Frequently incredible: the atmospheric genre mishmash, the aesthetic as thick as pea soup, the tight writing, the great acting—especially from the children, about which no one as surprised as me. The triple plotline and the genre-awareness means that the plotting has to be strong, and it is—until the last episode, where it's so strong, so neat and obvious with obligatory sequel bait, as to strangle out the mystery and depth. I wanted something braver in scale and less obvious in resolution. Finale complaints aside, I truly adored this. It's a bit like The X-Files (without the monsters of the week), a bit like Twin Peaks (but faster paced), so 80s gothic; genre-aware and engaged in discussion about genre; the aesthetic is captivating—I've rarely been so lost in a show: at the end of each episode, the real world felt uncanny. I can't wait for season 2.

Splice, film, 2009, dir. Vincenzo Natali
I love this as a strange incestuous family drama with weird imagery and sexy body horror, which is the first three quarters; I like it less as an obligatory action sequence stripped of complex characterization and replaced with trite gender commentary, which is how it ends. The special effects are necessarily strong, and the visuals engaging; the acting is good. I was pleasantly surprised, but the ending remains a let-down.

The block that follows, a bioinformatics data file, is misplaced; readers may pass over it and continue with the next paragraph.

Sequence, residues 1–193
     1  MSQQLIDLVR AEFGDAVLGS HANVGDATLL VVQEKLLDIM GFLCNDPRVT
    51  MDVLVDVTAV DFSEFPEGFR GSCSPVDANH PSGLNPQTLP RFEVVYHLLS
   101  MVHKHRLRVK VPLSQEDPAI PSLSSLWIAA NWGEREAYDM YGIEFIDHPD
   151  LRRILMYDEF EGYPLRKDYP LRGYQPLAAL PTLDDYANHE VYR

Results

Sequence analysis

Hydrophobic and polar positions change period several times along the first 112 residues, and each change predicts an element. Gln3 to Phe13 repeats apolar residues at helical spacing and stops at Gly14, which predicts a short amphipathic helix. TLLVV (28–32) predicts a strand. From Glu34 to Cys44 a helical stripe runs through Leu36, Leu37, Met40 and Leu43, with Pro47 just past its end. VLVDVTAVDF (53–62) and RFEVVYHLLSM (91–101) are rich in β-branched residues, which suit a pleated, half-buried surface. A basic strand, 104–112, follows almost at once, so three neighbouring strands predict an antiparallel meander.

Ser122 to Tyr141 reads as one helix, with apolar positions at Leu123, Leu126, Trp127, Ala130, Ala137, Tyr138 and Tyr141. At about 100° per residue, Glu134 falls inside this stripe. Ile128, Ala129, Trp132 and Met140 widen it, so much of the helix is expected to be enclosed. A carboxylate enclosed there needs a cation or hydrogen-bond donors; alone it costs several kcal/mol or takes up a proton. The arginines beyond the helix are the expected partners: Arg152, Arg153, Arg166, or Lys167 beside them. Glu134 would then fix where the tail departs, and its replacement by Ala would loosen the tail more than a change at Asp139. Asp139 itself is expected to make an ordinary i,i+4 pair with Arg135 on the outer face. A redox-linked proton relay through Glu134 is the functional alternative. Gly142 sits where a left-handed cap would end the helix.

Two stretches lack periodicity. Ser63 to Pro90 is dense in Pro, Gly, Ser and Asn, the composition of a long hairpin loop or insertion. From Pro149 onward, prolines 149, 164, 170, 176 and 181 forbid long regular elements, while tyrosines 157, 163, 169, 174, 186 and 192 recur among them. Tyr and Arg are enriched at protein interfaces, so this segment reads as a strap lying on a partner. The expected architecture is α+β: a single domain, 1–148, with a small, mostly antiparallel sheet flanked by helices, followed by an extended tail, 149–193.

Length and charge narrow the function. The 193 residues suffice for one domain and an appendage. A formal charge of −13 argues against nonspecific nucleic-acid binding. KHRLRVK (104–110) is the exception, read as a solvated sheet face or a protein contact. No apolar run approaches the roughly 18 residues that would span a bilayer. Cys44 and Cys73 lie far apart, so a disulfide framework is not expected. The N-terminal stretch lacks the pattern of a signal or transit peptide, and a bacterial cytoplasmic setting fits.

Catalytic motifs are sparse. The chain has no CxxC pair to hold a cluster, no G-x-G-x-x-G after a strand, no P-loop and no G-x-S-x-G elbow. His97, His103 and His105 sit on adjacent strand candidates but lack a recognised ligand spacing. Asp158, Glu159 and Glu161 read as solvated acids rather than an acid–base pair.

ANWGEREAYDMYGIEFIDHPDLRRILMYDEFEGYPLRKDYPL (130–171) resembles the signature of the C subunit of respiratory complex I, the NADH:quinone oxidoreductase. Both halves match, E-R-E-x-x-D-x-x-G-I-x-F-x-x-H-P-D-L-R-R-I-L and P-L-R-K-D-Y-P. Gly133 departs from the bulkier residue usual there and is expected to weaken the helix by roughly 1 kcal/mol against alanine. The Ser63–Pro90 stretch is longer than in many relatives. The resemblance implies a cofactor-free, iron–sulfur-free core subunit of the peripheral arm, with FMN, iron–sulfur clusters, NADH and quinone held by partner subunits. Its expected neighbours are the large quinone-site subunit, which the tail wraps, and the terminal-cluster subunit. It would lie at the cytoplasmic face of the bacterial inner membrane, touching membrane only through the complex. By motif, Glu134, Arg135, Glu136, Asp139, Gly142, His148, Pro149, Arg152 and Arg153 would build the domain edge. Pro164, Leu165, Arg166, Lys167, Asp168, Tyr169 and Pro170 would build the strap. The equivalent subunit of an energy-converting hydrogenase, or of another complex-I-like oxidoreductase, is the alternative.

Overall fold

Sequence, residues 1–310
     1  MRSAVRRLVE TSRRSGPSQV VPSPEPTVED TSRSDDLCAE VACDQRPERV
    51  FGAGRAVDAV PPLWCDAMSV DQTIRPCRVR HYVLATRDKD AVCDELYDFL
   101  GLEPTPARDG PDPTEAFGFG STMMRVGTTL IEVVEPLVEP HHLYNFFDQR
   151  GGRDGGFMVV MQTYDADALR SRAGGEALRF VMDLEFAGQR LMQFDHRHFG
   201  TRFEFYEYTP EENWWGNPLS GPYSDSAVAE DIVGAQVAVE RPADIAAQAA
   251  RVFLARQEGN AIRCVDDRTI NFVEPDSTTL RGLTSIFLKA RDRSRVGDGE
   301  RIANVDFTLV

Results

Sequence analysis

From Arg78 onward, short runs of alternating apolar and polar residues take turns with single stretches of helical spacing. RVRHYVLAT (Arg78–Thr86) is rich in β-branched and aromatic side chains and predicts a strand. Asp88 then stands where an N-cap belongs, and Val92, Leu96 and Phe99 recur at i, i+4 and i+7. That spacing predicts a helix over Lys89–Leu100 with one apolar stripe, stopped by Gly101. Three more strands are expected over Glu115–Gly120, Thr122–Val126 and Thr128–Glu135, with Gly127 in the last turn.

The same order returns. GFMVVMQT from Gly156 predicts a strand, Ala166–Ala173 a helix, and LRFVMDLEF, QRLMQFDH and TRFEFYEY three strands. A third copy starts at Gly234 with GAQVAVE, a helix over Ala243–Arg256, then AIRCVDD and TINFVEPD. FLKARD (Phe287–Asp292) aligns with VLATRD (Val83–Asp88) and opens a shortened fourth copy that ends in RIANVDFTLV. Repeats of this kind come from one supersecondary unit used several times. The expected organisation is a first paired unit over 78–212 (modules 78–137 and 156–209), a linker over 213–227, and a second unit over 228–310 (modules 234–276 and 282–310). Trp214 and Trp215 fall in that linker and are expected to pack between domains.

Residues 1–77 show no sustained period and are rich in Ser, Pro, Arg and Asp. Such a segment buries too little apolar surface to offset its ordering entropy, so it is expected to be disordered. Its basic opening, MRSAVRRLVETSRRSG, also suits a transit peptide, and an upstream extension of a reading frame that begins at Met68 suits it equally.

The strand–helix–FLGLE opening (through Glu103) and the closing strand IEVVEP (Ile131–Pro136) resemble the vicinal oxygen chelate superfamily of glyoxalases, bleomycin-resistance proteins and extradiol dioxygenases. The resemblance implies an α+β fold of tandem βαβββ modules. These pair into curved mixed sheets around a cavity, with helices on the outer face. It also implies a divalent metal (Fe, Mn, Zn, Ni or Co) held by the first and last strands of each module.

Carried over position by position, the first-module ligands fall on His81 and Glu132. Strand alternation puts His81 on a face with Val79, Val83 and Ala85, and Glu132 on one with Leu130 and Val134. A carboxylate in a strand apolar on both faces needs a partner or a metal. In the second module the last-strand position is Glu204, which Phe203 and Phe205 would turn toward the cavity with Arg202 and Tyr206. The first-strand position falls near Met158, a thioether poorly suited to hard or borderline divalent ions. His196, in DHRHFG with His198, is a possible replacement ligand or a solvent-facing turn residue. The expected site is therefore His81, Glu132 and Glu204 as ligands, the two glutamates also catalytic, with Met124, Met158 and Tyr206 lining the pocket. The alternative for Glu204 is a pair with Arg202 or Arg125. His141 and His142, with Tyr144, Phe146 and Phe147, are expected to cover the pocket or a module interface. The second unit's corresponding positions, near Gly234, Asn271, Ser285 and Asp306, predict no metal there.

Cosmos: A Spacetime Odyssey, television, 2014, Neil deGrasse Tyson presenting
My complaints first, because they matter: the human element threatens to overshadow the science, the pacing slows in the middle third and wants structure, and the overlong section on global warming is preaching to a choir & puts the onus on individuals while failing to address the political/industrial solutions which will affect necessary change. That aside, this is fantastic. It's accessible without feeling simplistic, Tyson is engaged and engaging, and above all it conveys a profound awe, scale, scope. The CGI helps. It needs better structure, and some topics were belabored while others went unexplored, but honestly I was captivated.

Deep Impact, film, 1998, dir. Mimi Leder
I appreciate the somber tone, the on-screen named character depths, the interplay of national politics and personal narratives (although the kids are tiresome); the pacing is more predictable and less successful, transparent drama-fuel, and the actual disaster is too localized and back-loaded—some post-disaster survivalism would benefit the tone. On the whole, more effective than good: it's a welcome somber deviation from the disaster movie genre while still fulfilling genre tropes, but isn't particularly memorable.

The House at the End of Time (La casa del fin de los tiempos), film, 2013, dir. Alejandro Hidalgo
Expect spoilers, because it turns out this is less horror than it is time travel. The setting and tone are fantastic (what a great house); in theory, the time travel is a clever twist on the haunted house premise, but it's too neat—which makes for literal repetition (as it revisits previous scenes with new information) and predictability, especially throughout the second half. The emotional elements rely on child actors and aging make-up, neither of which are convincing. I wanted to like this, but it's too simple and hollow to be effective.
juushika: Photograph of the torso and legs of a female-bodied figure with a teddy bear. (Bear)